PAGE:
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17u WWBA Day 7 notes

Tournaments : : Story
Jheremy Brown        
Published: Friday, July 11, 2014

Editor's note: Perfect Game recognizes that there are dozens of standout performers at this year's 17u WWBA National Championship. The thoughts provided below are first-hand observations from Scouting Coordinator Jheremy Brown during the event's seventh day.

Zach Attianese
(2016, Old Bridge, N.J.) may not be working in the 90s with his fastball now, but the level in which he is able to pitch is more advanced than most in the 2016 class. Standing at 6-foot-2, 175-pounds, the University of North Carolina commit is coming off a strong high school season this past spring and has begun to add strength to his frame since we last saw him in Jupiter.

Throwing from a high three-quarters arm slot, the lefthanded Attianese releases the ball out front and uses his height to create nice downhill plane on his fastball which worked in the 83-85 mph range, topping out at 86. He is able to repeat his delivery well despite moving parts and showed the ability to work to both sides of the plate with his fastball, and was especially effective to his glove side.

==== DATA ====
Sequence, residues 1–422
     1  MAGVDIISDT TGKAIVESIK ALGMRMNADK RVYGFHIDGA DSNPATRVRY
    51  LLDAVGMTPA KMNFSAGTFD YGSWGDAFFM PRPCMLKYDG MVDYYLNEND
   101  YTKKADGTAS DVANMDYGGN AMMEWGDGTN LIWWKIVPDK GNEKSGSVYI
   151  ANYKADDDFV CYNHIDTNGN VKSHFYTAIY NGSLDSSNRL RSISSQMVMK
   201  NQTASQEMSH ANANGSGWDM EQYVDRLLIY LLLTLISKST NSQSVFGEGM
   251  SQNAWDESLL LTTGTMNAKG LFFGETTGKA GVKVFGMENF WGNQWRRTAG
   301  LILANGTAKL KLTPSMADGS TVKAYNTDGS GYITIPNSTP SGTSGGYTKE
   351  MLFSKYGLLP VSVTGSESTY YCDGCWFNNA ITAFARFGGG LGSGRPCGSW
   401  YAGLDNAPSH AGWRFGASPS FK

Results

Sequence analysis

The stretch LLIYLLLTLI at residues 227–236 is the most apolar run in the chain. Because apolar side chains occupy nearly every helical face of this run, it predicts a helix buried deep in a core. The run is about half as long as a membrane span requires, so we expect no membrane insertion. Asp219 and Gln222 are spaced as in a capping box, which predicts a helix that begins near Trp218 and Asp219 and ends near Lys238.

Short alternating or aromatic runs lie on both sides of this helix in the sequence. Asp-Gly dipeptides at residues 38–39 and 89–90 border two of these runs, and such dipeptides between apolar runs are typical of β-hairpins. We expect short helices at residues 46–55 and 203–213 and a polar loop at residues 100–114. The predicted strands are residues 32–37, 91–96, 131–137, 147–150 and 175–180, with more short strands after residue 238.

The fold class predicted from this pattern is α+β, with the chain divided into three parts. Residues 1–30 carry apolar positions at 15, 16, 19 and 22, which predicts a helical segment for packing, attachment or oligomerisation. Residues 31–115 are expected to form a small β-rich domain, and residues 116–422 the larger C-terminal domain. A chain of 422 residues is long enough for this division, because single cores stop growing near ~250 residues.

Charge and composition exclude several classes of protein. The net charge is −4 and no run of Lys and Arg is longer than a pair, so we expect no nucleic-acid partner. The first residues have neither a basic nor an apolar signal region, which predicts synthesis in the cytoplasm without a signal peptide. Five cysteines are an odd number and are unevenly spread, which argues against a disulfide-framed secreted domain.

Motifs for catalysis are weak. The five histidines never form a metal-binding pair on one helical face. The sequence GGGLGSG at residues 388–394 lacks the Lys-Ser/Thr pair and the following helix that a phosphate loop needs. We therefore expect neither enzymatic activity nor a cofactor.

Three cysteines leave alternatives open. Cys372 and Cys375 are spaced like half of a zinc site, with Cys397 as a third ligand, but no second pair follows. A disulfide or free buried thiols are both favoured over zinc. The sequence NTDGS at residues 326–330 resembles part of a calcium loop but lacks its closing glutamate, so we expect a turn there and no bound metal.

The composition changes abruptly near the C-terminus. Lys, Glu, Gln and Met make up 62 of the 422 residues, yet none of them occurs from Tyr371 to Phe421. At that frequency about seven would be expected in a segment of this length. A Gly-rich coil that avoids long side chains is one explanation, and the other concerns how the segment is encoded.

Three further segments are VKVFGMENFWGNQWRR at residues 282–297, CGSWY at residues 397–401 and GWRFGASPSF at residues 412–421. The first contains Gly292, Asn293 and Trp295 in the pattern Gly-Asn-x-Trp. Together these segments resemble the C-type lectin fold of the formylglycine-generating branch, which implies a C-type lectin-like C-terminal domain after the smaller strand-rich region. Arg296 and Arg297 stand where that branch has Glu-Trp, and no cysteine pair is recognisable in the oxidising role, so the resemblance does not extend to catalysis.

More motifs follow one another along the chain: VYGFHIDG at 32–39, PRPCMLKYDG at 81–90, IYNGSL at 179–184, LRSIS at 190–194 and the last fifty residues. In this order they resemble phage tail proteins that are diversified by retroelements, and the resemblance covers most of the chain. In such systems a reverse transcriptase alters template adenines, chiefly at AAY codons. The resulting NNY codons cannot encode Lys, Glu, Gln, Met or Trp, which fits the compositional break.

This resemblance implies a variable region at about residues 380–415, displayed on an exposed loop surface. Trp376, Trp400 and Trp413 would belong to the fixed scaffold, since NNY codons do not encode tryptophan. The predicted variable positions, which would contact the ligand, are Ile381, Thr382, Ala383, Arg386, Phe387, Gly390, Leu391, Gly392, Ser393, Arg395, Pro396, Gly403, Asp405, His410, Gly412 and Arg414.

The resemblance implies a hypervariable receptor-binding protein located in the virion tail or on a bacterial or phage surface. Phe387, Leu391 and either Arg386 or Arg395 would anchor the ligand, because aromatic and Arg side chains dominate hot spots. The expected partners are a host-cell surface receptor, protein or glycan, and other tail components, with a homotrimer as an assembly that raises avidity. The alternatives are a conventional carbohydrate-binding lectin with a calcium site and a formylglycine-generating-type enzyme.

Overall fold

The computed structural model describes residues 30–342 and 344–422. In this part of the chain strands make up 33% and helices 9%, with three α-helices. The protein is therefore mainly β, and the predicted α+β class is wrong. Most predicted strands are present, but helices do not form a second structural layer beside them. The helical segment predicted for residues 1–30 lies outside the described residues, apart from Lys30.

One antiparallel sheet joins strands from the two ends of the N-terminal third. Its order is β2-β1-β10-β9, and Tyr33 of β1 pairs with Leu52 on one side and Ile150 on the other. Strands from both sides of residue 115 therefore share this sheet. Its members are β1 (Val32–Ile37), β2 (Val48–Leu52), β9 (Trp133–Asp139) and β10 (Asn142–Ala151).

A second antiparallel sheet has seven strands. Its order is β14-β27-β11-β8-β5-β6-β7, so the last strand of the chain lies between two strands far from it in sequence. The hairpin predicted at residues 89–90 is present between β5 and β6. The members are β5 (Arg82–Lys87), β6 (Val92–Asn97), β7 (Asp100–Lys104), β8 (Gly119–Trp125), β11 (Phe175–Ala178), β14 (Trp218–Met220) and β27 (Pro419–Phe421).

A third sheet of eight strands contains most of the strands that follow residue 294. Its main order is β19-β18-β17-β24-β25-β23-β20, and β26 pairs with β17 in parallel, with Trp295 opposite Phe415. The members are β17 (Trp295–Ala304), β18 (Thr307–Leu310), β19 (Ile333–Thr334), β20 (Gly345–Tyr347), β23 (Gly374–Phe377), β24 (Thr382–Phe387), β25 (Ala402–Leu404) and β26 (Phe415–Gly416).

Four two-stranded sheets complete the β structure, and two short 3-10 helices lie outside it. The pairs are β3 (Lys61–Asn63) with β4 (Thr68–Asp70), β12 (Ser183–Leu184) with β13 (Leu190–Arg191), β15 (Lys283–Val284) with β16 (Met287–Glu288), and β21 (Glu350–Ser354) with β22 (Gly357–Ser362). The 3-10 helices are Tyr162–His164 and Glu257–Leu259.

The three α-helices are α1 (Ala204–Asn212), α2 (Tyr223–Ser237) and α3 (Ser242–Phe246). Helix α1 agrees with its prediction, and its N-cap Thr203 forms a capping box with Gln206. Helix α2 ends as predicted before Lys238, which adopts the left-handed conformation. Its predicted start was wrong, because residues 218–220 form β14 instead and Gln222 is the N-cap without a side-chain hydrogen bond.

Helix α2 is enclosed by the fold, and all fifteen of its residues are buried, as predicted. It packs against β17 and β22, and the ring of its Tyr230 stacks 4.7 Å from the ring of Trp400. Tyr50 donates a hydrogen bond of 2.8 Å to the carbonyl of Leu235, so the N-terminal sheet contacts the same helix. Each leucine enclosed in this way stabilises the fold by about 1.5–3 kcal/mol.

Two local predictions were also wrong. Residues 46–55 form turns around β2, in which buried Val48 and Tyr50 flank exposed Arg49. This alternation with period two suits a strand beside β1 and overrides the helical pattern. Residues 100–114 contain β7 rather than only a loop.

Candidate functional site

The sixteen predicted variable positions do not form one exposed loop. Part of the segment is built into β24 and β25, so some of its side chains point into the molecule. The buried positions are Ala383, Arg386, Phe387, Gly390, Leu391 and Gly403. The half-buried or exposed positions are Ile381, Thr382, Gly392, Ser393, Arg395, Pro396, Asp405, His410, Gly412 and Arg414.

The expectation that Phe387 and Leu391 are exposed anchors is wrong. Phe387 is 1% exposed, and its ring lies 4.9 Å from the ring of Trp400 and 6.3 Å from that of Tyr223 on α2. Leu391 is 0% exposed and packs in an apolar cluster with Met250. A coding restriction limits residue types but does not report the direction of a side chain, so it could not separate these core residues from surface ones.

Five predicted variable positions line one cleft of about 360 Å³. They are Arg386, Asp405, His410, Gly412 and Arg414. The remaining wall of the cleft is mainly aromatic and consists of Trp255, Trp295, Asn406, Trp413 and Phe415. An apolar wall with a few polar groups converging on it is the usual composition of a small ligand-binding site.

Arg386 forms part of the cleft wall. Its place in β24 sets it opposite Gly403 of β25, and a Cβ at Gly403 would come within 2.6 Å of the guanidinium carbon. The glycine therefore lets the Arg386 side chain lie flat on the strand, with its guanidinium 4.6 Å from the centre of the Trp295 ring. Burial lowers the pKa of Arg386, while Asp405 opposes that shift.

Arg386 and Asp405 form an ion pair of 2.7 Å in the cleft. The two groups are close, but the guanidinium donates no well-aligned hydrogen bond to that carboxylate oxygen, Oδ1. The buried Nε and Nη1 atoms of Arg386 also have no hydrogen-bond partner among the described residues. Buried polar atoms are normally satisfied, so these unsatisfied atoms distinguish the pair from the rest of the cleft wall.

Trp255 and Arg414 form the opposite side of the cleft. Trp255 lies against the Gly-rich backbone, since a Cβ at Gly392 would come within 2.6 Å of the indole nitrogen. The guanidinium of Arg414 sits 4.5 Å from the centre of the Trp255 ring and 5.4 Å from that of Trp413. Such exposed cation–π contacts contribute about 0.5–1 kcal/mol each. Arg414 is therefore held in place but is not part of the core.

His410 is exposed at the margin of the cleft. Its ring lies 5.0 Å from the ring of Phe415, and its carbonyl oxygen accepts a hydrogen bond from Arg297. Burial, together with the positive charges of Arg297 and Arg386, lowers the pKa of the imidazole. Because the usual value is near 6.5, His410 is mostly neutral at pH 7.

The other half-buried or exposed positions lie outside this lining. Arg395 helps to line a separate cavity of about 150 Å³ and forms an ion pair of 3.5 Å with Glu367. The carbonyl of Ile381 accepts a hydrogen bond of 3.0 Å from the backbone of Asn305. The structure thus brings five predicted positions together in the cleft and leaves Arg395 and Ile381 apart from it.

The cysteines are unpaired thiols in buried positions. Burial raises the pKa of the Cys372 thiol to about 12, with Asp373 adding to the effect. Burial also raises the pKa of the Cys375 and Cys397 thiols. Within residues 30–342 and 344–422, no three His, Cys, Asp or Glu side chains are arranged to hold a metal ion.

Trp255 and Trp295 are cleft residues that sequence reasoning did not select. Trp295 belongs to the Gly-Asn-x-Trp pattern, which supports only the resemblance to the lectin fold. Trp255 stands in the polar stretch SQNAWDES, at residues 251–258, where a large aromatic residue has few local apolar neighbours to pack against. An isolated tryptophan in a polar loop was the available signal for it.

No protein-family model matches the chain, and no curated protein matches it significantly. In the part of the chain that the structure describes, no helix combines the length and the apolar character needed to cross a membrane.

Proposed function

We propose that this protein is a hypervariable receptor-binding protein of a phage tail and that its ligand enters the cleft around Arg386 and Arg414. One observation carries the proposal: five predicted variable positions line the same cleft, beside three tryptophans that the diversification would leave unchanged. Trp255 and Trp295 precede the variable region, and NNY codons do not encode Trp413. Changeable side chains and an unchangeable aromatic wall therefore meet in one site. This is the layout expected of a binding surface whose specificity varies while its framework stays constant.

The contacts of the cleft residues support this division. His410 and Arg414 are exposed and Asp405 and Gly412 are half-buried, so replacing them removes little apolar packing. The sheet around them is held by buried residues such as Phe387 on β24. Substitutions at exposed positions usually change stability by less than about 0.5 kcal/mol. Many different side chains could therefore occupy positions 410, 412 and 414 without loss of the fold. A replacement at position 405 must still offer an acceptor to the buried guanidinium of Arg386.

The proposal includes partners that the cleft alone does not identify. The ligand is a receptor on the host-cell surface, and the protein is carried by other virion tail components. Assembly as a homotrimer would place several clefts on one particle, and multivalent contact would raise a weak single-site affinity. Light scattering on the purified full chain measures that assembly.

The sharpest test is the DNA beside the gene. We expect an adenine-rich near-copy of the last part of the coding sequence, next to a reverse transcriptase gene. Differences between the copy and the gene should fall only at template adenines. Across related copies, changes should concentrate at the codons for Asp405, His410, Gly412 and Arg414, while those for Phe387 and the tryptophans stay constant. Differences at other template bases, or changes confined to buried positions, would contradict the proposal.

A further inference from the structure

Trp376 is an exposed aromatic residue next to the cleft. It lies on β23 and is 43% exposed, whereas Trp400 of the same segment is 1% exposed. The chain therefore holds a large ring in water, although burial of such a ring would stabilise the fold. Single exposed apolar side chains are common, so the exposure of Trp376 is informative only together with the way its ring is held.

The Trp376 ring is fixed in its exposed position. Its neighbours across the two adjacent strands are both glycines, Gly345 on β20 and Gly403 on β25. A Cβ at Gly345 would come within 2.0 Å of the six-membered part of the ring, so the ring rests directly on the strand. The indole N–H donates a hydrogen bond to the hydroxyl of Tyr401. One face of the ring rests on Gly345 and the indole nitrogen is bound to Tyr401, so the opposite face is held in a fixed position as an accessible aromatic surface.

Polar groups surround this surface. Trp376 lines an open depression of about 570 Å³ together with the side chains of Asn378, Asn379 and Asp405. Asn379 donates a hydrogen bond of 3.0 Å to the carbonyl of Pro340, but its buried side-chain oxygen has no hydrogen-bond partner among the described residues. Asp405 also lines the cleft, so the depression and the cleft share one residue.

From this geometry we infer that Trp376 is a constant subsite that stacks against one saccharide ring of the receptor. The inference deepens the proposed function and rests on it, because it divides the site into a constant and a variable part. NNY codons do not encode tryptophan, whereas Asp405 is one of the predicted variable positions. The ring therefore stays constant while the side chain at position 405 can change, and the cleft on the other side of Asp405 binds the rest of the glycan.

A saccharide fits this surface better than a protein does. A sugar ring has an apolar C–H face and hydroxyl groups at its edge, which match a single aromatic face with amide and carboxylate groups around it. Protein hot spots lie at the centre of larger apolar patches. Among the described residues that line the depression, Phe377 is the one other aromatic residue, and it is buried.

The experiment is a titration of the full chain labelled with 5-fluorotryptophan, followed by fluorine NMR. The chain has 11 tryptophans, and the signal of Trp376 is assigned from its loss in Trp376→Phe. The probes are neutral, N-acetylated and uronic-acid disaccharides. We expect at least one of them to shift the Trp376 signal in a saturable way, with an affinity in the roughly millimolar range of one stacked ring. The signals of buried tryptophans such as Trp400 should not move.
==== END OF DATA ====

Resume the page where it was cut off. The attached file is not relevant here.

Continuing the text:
The pitch for Attianese that helps to set him apart is his big 1-to-7 curveball with lots of depth and the ability to locate it throughout the zone, and he can throw the low-70s offering in any count. He also flashed a mid-70s changeup that showed fade to his arm side and threw both off-speed pitches with similar mechanics to his fastball.




Like pretty much every pitcher who is included in this write up, Ryan Cole McKay (2015, Spring Branch, Texas) started his second game of the tournament, as he started the Banditos’ first game last Friday allowing him enough time to come back for the playoffs.

McKay came out firing with his fastball, not throwing a pitch below 90 mph in the first inning, working 90-92 mph, topping out at 93. Throwing from a three-quarters arm slot, the Louisiana State University commit was able to generate solid arm-side run to his fastball and did a nice job of locating to his glove side part of the plate. Over his four innings of work, McKay threw primarily fastballs, mixing in a handful of curveball, which showed 11-to-5 shape at 73-74 mph and flashed a 79 mph changeup.




Despite only throwing one inning of relief, Donnie Everett (2015, Clarksville, Tenn.) made his presence felt quickly on the mound as he came out at 96 mph with his first warm-up pitch in the game. A Vanderbilt University commit, Everett was able to maintain that velocity into his quick inning of work, using his strong and physical frame to pound the strike zone with his fastball that sat at 94-96 mph.


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